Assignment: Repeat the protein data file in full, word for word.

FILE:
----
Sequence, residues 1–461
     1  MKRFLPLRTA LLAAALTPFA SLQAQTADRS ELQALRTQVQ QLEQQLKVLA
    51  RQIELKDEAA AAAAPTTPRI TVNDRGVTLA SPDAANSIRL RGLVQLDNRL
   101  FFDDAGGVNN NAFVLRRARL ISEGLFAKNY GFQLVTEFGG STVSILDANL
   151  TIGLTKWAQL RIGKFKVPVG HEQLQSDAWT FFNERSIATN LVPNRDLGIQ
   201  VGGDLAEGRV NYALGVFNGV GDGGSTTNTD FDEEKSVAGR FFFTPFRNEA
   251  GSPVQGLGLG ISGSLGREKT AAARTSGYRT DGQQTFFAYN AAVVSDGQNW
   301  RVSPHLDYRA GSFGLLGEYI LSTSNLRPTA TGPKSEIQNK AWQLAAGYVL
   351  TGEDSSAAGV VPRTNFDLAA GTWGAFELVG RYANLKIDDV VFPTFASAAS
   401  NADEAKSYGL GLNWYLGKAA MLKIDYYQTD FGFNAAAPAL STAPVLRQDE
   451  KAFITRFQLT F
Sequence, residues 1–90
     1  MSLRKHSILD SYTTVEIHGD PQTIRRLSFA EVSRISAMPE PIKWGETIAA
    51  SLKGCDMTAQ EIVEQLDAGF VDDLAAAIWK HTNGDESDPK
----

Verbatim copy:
Sequence, residues 1–461
     1  MKRFLPLRTA LLAAALTPFA SLQAQTADRS ELQALRTQVQ QLEQQLKVLA
    51  RQIELKDEAA AAAAPTTPRI TVNDRGVTLA SPDAANSIRL RGLVQLDNRL
   101  FFDDAGGVNN NAFVLRRARL ISEGLFAKNY GFQLVTEFGG STVSILDANL
   151  TIGLTKWAQL RIGKFKVPVG HEQLQSDAWT FFNERSIATN LVPNRDLGIQ
   201  VGGDLAEGRV NYALGVFNGV GDGGSTTNTD FDEEKSVAGR FFFTPFRNEA
   251  GSPVQGLGLG ISGSLGREKT AAARTSGYRT DGQQTFFAYN AAVVSDGQNW
   301  RVSPHLDYRA GSFGLLGEYI LSTSNLRPTA TGPKSEIQNK AWQLAAGYVL
   351  TGEDSSAAGV VPRTNFDLAA GTWGAFELVG RYANLKIDDV VFPTFASAAS
   401  NADEAKSYGL GLNWYLGKAA MLKIDYYQTD FGFNAAAPAL STAPVLRQDE
   451  KAFITRFQLT F
Sequence, residues 1–90
     1  MSLRKHSILD SYTTVEIHGD PQTIRRLSFA EVSRISAMPE PIKWGETIAA
    51  SLKGCDMTAQ EIVEQLDAGF VDDLAAAIWK HTNGDESDPK